The 98-Year-Old Holocaust Survivor Who Evaded Nazis By Assuming Fake Identities: The last time he shared his story before his death ...
NEXT: Holocaust survivor Pinchas Gutter shares how he survived the Warsaw Ghetto and 6 Nazi concentration camps: “Remember the other person is the same as you.”
Someone can take away your job. But no one can ever take away your mission.
So, what's my mission? What's next? And how did they get the caramel inside the Caramilk bar?
I answer two of those three questions on the Sound Off Podcast.
Have you heard of Uyghurs? Because they could be in the midst of one of the greatest human rights tragedies right now. They are an ethnic Muslim minority group in the semi-autonomous northwestern province of Xiajiang in China. And they are facing genocide: enslavement, murder, torture, enforced sterilization, forced organ harvesting ... And that's just the beginning to their end.
This is my conversation with Raziya Mahmut - a woman who has escaped a potentially gruesome fate - while her family remains in China, amidst this genocide.
Since 2016, about three million Uyghurs and other ethnic minority groups have been swept up in probably the largest incarceration of an ethno-religious minority since the Holocaust. Their lives are unimaginable - and their existence is barely acknowledged.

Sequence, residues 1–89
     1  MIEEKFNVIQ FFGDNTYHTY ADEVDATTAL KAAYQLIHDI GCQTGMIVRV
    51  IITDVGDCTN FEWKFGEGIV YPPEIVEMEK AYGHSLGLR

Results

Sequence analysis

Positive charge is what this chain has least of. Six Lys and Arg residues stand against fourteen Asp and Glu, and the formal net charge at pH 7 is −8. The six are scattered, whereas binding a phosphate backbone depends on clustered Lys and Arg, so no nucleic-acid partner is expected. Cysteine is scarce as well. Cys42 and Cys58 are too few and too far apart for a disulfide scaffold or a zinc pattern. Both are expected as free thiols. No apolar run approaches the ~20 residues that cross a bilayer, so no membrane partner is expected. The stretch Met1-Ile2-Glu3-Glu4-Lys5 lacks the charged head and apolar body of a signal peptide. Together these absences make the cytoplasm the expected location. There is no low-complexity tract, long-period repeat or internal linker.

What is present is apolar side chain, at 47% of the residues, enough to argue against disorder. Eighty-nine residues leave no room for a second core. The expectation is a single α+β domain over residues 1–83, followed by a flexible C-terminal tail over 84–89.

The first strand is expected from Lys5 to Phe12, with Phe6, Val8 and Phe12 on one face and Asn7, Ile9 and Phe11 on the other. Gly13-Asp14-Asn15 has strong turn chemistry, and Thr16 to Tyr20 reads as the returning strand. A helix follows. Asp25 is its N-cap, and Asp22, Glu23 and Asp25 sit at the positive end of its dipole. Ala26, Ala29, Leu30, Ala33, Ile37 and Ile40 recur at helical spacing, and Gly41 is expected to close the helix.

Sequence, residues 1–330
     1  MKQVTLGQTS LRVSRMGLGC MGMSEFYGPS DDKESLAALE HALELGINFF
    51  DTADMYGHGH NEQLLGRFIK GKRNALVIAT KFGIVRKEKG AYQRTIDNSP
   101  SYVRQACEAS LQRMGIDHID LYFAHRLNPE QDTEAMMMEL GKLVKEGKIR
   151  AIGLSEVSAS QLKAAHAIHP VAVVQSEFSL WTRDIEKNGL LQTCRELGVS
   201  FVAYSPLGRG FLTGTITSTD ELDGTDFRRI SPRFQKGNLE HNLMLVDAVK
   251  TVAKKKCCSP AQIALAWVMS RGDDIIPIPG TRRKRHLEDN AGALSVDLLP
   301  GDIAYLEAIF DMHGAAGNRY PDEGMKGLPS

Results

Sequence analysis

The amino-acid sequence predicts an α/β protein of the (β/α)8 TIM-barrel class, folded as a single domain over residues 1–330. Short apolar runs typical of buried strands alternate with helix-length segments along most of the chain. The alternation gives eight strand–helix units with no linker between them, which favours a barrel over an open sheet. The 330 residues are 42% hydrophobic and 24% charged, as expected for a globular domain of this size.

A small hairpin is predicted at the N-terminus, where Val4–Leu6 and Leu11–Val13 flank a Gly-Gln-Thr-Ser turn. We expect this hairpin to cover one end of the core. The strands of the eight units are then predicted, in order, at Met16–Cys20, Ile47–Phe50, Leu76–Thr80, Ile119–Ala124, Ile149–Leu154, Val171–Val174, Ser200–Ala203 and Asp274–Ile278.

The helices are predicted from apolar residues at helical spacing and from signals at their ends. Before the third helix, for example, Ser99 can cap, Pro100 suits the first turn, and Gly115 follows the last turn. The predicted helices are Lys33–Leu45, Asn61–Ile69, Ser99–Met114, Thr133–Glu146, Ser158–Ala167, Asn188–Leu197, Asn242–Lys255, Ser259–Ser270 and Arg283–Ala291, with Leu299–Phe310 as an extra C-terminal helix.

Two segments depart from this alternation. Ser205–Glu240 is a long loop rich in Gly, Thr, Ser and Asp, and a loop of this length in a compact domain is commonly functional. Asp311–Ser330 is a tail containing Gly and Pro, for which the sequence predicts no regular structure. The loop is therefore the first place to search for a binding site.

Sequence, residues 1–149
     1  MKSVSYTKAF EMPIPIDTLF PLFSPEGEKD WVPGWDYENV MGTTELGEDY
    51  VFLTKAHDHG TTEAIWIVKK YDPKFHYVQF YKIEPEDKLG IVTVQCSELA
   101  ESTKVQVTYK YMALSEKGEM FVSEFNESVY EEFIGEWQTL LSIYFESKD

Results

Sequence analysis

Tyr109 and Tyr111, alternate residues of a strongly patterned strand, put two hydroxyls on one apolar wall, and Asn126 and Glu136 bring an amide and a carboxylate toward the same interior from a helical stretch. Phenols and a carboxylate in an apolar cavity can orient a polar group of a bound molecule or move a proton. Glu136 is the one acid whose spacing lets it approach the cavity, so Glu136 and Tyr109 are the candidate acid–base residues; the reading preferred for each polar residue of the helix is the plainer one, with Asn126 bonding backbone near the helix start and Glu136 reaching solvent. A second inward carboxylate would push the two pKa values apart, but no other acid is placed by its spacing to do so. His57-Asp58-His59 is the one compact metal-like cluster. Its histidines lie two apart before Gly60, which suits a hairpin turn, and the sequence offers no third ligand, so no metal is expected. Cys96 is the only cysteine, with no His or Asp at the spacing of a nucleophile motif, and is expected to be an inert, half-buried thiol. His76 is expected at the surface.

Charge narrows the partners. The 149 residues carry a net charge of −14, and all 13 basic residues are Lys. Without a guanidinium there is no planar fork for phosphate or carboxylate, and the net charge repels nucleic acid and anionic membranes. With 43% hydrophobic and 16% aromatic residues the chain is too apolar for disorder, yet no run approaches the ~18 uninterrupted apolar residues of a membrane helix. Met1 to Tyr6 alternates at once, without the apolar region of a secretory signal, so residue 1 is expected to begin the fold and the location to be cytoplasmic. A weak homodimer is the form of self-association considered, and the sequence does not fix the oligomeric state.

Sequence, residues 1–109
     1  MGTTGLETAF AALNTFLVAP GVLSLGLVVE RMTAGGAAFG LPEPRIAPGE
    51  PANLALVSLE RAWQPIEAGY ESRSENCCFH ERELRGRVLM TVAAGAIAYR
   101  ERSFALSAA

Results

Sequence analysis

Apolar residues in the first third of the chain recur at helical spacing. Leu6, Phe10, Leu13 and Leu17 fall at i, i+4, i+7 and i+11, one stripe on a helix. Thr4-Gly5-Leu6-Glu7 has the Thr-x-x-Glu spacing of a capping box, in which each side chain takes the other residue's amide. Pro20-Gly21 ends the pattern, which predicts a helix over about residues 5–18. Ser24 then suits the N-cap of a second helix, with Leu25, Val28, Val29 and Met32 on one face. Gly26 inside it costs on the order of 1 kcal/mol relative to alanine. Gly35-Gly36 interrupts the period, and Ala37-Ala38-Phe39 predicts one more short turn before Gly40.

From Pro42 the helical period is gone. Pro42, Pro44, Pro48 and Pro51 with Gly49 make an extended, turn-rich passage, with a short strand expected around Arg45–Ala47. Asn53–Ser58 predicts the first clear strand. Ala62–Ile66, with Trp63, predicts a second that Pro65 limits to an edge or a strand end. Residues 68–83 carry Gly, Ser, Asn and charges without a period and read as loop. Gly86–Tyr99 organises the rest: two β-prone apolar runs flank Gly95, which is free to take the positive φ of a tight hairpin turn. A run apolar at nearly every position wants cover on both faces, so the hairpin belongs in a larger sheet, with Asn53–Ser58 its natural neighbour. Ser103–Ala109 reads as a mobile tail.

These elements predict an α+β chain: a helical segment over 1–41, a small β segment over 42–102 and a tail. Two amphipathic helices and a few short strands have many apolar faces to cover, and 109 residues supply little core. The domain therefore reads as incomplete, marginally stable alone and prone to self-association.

I've been included amongst former Secretaries of State, a Nobel Peace Prize Nominee, political leaders, philanthropists, and artists from around the world ... as official supporters of the world's first International Treaty to Ban the Political Use of Religion: BPUR.⠀
Religion has been used politically by extremists to justify the worst violations of basic human rights for far too long.⠀
So, essentially, this will help fight terrorism recruitment, improve basic human rights and equality, and emphasize respect for ALL religions.⠀
Governments from around the world are signing on to support this Treaty - which is a massive step for human rights by liberating those who suffer from religious repression.⠀
BPUR International selects a broad range of global influential figures to help support this.⠀
So, either they went too broad by inviting me - OR - I've been mistaken all along and I really am an adult???
Why does it matter that I feel I can now go into work without make-up?
Well, today, 79-year-old Margaret-Barbara called into my radio talk show. It took her a few tries, because she says she's "handicapped" and has "tremors." Dialling is difficult.
"I need help. I don't know what I need," she says.
She has beaten cancer THREE times. Still, this is THE hardest thing she's ever had to go through.
She doesn't have anyone taking care of her.
Within minutes, I had too many people offering their help.
Another woman calls in. She's taking care of her 100-year-old mother. She needs a very specific bandage for an ailment on her foot.
Within 60-seconds, I have a medical professional offering his help.
A man who suddenly finds himself without money or hope reaches out.
A few minutes later, I have people reaching out to him. And these are but A FEW of THE MANY people we were able to find help through a radio talk show.
So why does it matter that I went into work without make-up?
He's chatted up some of the biggest names in media and entertainment on his show, now he's chatted up the shortest one! Toronto Mike asked me to join him on his popular podcast to talk about my 10 fav jams.